Eurodollar Mar Contract (EC, ETF: (FXE, UUP))
Holding Wednesday's bounce at the 1.2390-1.2410 bounce limit didn't prevent probing higher overnight to test 1.2465. But that excess had disappeared by Thursday's open, which extended back down intraday to 1.2365. Closing any lower would confirm the corrective bounce had ended, so long as 1.2390-1.2410continues to hold as resistance.

Silver May Contract (SI, ETF: (SLV))
Probing sharply higher into and out of and after Wednesday's FOM events was retraced back down Thursday to test 16.40 down to 16.33. Just closing under 16.55 prevents launching a new upleg, and allows another close under 16.40 to resume the decline.

30-year Treasury Jun Contract (US, ETF: (TLT))
Ending Wednesday's volatility at 143-16 continued to prevent sellers from gaining traction for their third consecutive daily effort. Gapping up more than 1 point Thursday through Monday's 144-20 close was the consequence. It extended to probe last week's 145-06 highs intraday, but the resistance held. Its reaction down to "lower prior highs" at 144-22 also held. Closing beyond either end of that range is likely to extend in that direction.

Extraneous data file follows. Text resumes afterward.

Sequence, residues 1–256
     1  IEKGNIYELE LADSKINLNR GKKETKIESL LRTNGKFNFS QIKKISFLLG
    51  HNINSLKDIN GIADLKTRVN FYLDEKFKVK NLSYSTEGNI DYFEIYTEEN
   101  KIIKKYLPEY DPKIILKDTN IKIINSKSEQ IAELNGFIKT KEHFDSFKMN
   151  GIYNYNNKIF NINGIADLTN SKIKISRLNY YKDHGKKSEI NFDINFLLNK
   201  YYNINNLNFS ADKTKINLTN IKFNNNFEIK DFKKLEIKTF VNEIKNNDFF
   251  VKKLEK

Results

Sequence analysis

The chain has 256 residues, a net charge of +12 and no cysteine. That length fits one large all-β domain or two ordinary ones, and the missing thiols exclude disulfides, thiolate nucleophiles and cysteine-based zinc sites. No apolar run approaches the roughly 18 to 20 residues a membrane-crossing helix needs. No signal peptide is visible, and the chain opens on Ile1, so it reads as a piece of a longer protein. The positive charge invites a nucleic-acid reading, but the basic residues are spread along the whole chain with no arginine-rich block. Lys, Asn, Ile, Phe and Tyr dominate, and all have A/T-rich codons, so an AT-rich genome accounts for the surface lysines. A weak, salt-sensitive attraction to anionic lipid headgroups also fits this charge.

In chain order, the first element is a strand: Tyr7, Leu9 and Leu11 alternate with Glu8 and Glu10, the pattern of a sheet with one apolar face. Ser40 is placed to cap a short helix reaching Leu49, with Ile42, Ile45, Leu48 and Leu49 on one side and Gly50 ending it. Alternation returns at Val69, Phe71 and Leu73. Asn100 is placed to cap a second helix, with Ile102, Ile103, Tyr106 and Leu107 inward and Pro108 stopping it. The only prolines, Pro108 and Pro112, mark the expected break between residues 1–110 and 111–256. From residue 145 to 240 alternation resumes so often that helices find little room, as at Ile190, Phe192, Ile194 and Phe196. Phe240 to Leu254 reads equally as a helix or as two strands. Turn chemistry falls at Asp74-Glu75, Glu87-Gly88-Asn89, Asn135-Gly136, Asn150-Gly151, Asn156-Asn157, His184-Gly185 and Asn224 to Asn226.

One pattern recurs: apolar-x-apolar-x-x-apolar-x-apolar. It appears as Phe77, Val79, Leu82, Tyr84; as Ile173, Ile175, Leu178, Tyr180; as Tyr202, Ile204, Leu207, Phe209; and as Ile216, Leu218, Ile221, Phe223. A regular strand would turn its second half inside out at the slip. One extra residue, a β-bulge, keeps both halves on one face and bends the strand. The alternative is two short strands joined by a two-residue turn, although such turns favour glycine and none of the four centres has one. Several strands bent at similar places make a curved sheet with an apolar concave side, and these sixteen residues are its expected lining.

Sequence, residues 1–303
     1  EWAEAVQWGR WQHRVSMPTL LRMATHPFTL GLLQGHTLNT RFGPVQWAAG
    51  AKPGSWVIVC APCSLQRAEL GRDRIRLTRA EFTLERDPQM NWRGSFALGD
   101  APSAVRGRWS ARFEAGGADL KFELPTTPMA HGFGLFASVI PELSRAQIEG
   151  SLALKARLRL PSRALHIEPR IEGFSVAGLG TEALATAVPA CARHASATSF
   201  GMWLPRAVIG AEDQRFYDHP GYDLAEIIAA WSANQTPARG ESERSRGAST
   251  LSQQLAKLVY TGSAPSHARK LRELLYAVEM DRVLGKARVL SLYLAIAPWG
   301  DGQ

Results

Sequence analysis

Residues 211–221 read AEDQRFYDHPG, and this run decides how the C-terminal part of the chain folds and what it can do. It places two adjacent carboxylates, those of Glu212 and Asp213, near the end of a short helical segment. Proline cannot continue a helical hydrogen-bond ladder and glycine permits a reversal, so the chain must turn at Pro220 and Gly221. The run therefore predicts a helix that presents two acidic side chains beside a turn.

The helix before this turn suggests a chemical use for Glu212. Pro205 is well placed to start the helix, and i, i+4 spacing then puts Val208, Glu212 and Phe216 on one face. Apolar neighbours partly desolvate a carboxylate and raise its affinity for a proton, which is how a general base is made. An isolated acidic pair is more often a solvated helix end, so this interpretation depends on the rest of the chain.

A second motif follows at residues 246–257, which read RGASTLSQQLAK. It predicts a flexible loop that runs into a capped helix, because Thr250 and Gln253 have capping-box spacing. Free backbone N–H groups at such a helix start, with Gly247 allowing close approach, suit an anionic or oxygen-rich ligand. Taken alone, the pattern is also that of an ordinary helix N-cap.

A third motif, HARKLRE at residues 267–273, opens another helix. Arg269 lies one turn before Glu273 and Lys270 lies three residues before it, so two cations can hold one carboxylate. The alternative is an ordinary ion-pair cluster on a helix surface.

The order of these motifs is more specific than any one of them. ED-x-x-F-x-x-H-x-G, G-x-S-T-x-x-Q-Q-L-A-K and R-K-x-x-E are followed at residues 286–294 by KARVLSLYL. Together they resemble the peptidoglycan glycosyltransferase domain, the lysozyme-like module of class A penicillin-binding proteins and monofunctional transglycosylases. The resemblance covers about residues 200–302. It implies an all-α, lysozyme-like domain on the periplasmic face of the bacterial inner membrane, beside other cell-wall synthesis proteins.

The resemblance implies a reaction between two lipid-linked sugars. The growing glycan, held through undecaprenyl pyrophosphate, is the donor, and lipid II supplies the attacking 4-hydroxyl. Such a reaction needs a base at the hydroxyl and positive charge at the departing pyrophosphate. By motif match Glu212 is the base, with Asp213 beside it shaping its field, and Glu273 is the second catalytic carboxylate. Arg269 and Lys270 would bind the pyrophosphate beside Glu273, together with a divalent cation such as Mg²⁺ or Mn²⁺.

Crude Oil Apr Contract (CL, ETF: (USO, USL) (UWTI-long, DWTI-short))
Confirming Tuesday's breakout Wednesday now requires at least an eventual third higher close. Meanwhile, testing 65.00 created potential for reacting down. The 64.25 pullback limit was tested, with room down to 62.70 before undermining the near-term likelihood of resuming the rally to 66.85.

Natural Gas May Contract (NG, ETF: (UNG, UNL))
Wednesday's reversal extended down slightly deeper Thursday. The behavior can't yet be considered "ineffectual optimism" for approaching its 2.62 target with such a slow pace, but it doesn't contradict the ongoing likelihood for breaking through it by at least a dime.

About the Author

Rod David develops analytical techniques that are designed to efficiently identify targets and turning points for any liquid stock or market in any time frame. He primarily analyzes S&Ps, generating several round-turn candidates daily. Rod publishes "Trading Plan" and more each session at the blog http://IfThenSignals.com



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Energy & Commodities

A Nightmare Scenario for OPEC